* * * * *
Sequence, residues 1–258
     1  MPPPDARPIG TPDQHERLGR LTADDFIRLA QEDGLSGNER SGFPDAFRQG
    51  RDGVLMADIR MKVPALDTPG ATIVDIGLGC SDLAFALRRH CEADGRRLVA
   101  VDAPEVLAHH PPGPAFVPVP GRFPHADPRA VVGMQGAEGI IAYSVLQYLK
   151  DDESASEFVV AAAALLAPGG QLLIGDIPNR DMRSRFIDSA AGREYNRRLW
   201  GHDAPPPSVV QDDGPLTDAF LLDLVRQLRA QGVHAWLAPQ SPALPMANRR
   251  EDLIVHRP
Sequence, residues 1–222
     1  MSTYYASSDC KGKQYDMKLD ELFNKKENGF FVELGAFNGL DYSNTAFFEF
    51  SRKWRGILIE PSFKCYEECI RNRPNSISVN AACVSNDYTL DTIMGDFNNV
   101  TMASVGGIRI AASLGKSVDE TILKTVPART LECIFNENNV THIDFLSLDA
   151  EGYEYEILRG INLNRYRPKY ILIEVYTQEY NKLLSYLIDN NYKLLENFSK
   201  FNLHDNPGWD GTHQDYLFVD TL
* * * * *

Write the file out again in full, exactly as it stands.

Sequence, residues 1–258
     1  MPPPDARPIG TPDQHERLGR LTADDFIRLA QEDGLSGNER SGFPDAFRQG
    51  RDGVLMADIR MKVPALDTPG ATIVDIGLGC SDLAFALRRH CEADGRRLVA
   101  VDAPEVLAHH PPGPAFVPVP GRFPHADPRA VVGMQGAEGI IAYSVLQYLK
   151  DDESASEFVV AAAALLAPGG QLLIGDIPNR DMRSRFIDSA AGREYNRRLW
   201  GHDAPPPSVV QDDGPLTDAF LLDLVRQLRA QGVHAWLAPQ SPALPMANRR
   251  EDLIVHRP
Sequence, residues 1–222
     1  MSTYYASSDC KGKQYDMKLD ELFNKKENGF FVELGAFNGL DYSNTAFFEF
    51  SRKWRGILIE PSFKCYEECI RNRPNSISVN AACVSNDYTL DTIMGDFNNV
   101  TMASVGGIRI AASLGKSVDE TILKTVPART LECIFNENNV THIDFLSLDA
   151  EGYEYEILRG INLNRYRPKY ILIEVYTQEY NKLLSYLIDN NYKLLENFSK
   201  FNLHDNPGWD GTHQDYLFVD TL